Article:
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RE: Kynn's Definition of Accessibility, and Uncaptioned Webcasts

From: Bruce Bailey <bbailey@clark.net>
Date: Mon, 15 Nov 1999 17:59:28 -0500
Message-ID: <01BF2F93.33F5ADA0.bbailey@clark.net>
To: "'Web Accessibility Initiative'" <w3c-wai-ig@w3.org>
It is a reasonable expectation that the lack of accommodations will be 
noted a particular Net event, event though this means setting yourself up 
for criticism.

In the early days (as recently as five to ten years ago), folks in the 
disability community routinely did not bother with large print and braille 
versions of their handouts, nor with interpreters nor hearing aid loops. 
 This was commonplace mostly because it was able-bodied professionals 
talking to each other.  The perception that this was acceptable has, 
thankfully, matured quite a bit.

In the last few years, I would say that these issues are addressed 50% of 
the time or more.  In almost all of the remaining cases a presenter will 
bashfully admit to not having braille (or large print, or an interpreter, 
etc.) with them because they ran out of time and did not put their handouts 
together until last night, blah, blah, blah.  This admission will often 
occur spontaneously -- without the presenter spotting a blind person in the 
audience.

So, in the years since ADA, we have raised the level of awareness to the 
point where people in the industry know what they should be doing, even if 
they do not actually do it!

Obviously, if you are a person who gets routinely discriminated against 
because of this, you would not feel that much progress has been made!

Let us hope that accommodations to webcasts proceeds in "Internet time" 
because we still aren't all that good with alternatives to print media and 
the spoken word!

In the meantime, those of use who do know better, must apologize (in 
advance) when we can not.  That's better than nothing.  Maybe it's not good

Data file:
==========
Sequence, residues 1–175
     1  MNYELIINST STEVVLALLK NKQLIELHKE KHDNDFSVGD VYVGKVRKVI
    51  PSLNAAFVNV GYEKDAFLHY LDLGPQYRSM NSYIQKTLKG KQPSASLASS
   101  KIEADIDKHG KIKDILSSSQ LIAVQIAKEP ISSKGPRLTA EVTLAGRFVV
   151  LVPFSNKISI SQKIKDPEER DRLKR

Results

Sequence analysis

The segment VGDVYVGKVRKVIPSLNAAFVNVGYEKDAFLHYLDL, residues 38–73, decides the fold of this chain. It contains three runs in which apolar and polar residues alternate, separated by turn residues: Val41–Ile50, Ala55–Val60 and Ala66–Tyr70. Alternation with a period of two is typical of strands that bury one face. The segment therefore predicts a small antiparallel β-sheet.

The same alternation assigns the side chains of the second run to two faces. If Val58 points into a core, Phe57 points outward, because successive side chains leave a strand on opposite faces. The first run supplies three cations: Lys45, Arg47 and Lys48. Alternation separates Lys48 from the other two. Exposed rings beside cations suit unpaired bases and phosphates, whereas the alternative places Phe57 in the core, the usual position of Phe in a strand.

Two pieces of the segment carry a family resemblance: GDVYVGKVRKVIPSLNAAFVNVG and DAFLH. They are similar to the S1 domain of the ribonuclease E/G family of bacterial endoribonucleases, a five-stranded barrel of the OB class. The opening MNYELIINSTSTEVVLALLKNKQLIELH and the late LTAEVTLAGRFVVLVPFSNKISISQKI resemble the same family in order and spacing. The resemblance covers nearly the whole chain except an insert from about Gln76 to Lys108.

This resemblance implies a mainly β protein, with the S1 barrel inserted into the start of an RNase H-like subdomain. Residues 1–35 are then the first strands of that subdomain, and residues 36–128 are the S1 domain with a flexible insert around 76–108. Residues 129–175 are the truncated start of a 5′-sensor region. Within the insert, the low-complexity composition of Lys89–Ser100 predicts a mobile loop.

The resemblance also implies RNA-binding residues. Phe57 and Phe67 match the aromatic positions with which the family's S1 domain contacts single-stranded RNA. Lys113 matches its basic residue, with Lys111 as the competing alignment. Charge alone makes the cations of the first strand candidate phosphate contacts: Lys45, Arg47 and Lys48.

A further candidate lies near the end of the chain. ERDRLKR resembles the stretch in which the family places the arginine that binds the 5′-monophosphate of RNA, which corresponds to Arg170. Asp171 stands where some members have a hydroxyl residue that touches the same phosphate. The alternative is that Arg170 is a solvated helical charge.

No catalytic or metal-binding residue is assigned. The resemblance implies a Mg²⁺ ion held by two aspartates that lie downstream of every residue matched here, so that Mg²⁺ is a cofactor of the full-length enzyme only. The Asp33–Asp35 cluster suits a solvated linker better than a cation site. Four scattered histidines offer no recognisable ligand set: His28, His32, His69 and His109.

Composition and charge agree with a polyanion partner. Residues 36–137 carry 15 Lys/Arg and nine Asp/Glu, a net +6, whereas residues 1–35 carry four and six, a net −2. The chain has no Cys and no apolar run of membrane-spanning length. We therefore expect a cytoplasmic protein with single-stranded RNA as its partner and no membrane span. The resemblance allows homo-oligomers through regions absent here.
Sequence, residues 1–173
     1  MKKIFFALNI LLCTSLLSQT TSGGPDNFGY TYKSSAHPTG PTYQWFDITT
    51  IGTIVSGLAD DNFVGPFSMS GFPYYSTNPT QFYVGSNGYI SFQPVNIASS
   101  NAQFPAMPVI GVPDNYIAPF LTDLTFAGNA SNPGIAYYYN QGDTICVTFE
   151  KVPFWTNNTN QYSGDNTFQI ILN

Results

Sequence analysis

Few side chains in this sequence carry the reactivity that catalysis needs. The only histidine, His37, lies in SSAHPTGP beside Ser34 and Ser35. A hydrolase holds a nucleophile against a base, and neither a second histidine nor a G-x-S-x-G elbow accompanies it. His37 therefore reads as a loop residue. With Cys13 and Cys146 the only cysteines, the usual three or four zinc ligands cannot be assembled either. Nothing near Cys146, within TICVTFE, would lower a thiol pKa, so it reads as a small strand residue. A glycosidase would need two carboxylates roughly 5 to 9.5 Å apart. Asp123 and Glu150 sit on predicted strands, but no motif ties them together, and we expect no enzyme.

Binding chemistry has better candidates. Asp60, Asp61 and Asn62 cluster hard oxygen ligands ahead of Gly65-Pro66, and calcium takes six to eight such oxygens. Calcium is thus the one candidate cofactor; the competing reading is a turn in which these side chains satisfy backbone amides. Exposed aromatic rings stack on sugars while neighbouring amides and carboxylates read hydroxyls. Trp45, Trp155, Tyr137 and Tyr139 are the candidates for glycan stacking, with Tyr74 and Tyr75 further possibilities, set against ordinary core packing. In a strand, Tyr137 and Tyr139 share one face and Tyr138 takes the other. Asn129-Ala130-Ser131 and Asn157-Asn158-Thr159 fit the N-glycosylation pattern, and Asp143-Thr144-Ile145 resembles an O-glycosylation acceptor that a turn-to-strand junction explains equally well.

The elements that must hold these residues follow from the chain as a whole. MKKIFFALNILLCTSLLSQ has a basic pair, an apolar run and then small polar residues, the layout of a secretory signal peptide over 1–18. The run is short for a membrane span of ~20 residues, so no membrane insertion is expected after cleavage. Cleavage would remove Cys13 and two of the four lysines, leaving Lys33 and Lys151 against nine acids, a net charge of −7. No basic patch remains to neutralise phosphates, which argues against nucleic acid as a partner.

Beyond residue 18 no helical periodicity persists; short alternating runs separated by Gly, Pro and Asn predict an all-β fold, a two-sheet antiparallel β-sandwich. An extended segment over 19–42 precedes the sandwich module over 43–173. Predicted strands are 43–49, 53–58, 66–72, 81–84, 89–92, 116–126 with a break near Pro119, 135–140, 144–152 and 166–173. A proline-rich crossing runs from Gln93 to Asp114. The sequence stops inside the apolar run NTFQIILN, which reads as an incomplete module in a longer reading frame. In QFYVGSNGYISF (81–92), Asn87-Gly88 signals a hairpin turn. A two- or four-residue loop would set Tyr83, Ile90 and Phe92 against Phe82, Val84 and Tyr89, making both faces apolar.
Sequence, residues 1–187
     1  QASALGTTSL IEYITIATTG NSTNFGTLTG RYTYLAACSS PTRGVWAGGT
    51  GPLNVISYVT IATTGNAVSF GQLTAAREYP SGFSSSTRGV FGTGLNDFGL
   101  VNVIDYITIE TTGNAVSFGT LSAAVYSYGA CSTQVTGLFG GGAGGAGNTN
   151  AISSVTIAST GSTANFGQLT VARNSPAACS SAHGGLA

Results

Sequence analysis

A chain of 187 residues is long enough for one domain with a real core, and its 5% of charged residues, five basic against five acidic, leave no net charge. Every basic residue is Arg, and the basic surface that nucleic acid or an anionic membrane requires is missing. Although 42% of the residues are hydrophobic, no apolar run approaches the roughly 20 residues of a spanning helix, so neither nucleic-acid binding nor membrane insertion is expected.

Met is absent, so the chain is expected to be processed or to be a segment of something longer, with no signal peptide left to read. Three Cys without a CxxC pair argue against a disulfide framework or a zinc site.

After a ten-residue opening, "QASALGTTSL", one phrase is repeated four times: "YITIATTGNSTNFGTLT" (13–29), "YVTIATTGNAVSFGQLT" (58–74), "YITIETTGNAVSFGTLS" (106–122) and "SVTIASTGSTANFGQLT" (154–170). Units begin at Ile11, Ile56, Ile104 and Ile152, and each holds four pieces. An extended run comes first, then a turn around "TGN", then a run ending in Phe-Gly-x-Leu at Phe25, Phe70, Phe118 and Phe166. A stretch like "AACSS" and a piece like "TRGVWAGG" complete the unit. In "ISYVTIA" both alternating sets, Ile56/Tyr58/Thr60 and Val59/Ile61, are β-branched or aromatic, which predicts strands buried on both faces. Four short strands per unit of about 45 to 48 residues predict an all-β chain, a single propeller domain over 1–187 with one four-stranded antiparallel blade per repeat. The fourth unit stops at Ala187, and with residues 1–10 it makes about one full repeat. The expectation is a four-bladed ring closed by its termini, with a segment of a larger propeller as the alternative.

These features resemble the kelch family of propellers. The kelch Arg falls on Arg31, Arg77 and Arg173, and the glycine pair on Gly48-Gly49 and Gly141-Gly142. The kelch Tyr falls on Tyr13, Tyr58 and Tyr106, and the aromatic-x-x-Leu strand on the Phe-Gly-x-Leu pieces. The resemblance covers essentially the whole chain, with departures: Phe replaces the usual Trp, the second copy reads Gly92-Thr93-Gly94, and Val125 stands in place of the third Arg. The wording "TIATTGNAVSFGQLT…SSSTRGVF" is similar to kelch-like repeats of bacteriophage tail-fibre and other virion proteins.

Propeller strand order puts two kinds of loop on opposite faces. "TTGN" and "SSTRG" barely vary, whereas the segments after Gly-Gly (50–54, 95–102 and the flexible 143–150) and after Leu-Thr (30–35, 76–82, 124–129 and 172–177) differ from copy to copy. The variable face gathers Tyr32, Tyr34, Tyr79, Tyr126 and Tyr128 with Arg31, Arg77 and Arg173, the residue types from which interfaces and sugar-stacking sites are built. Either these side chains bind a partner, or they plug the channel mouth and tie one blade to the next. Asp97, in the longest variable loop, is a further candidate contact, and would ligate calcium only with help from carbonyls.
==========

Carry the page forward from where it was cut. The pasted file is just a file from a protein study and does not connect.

enough.  I certainly do not think that it is.  But at least it is 
something.

Just for the record, I researched pricing a live web broad cast of one our 
"annual meetings".  (Boring stuff to be sure, but part of my state agency's 
commitment to the public.)  Hiring a transcriptionist (you don't need a 
court stenography) is not as expensive as an interpreter, and both are much 
cheaper than a broadcast crew (in any format).  One problem is that few web 
casters have in-house facilities for captioning.

Just my two cents.

Bruce Bailey

On Monday, November 15, 1999 3:29 PM, Neff, Robert 
[SMTP:Robert.Neff@usmint.treas.gov] wrote:
> If something is not possible, then document why you cannot meet this
> objective.  Last week I spoke with Jenifer Simpson, President's Committee 
on
> Employment of People with Disabilities. If you are not able to meet the
> guidelines, then document why you are not able to or make it available in
> another format, for example, can people call in for the information or 
can
> it be sent to them? There are other options until you can make it 
available.
>
> I wholeheartedly agree the tools, training, and budgets are not there, 
but
> they will come.  You can at least try and if you cant make it - document 
and
> use that for justification as an interim solution.
Received on Monday, 15 November 1999 18:00:36 GMT

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